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Go With the Flow

Burn the Film

A River Runs, Turns, Erases, Replaces (2021)

There have been film festivals and reviewers characterizing “A River Runs, Turns, Erases, Replaces” as a documentary. We are not going to do that, as such would be factually inaccurate. The film was shown in the Forum section of Berlinale, which “focuses on contemporary international cinema productions and eschews conventional distinctions, such as that between fiction film and documentary” – a category truly befitting it.

Filmed in Wuhan, China, before and during Covid-19, the film consists of a series of stationary shots in long takes. This is almost like a Tsai Ming-liang film without characters. We’d say without speaking parts, except the Malaysian-Taiwanese auteur’s new film, “Days,” has virtually no speaking parts. In Zhu Shengze’s “River,” there are characters speaking in voiceover narrations, but you don’t ever see any of them on screen. They read aloud handwritten letters addressed to loved ones who’ve perished during the pandemic.

Sometimes Ms. Zhu’s framing is so abstract that it takes a while for viewers to place it. People are the size of ants in some scenes. Ominous recorded announcements blasted in empty streets warning people of the pandemic aren’t subtitled. Twenty minutes in, viewers are still left wondering where this is all going. It’s not until fully 50 minutes later that we see a medium shot of actual human beings. The recurring motifs about the endurance of edifices, the permanence of concrete and steel, don’t register until even later.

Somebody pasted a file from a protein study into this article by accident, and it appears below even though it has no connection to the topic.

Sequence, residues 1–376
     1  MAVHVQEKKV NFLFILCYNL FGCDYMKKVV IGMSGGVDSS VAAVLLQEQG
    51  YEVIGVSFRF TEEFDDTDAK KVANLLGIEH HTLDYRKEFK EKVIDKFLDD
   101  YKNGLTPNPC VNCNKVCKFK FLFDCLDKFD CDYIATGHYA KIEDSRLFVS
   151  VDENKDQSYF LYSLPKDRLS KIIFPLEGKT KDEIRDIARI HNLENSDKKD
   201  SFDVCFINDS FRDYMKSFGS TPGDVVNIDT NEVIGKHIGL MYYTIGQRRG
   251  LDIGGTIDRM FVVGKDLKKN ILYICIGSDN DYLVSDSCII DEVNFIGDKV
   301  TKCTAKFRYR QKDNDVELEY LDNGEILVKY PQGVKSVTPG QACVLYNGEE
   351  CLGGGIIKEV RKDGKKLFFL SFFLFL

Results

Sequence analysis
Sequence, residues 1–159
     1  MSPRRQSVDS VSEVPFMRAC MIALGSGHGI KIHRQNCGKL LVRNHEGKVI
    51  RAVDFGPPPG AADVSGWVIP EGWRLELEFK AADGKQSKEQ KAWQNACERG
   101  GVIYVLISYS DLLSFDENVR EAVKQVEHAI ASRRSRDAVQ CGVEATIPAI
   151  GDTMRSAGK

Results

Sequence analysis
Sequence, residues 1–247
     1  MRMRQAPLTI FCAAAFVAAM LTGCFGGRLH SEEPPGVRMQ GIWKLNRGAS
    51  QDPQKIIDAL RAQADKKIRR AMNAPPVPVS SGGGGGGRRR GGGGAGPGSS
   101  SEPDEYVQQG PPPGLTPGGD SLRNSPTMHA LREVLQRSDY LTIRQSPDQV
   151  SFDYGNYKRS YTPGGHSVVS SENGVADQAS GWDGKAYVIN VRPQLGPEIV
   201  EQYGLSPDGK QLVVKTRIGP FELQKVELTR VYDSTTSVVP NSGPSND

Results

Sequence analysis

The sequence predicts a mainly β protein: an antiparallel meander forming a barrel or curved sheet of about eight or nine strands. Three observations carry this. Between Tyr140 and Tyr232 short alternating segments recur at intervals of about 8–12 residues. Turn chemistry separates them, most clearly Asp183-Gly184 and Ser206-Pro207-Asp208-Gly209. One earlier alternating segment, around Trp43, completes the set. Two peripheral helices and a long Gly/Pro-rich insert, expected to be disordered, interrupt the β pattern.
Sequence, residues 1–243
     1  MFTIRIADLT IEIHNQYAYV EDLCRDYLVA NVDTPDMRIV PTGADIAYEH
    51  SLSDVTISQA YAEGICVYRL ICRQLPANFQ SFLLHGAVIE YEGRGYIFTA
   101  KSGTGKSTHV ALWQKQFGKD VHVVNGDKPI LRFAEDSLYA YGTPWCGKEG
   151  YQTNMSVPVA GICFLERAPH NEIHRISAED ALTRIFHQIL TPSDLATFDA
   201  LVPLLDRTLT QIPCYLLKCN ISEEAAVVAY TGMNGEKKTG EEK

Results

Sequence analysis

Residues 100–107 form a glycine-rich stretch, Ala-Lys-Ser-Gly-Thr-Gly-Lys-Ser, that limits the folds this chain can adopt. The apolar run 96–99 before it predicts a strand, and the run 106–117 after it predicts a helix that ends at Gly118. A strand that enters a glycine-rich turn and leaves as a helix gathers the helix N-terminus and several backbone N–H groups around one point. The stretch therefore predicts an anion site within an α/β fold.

“A River Runs, Turns, Erases, Replaces” achieves the same meditative effect as Mr. Tsai’s films. But it’s not until the end credits that it finally fesses up to the fact that all those heartrending letters to the lost are in actuality fictionalized – a detail not translated for the non-Chinese-speaking audience even though festivals identify the film’s country of origin as U.S. of A. If you’ve sat through the film’s 87 minutes thinking it’s a documentary, the last-minute revelation/confession/disclaimer is deeply upsetting. In a way, the film is predicated on a lie of the same magnitude as ones told by Fox News and “In the Same Breath.” All those going into the theater expecting to learn how the Chinese have experienced the pandemic get told exactly what Ms. Zhu has thought they wanted to hear.


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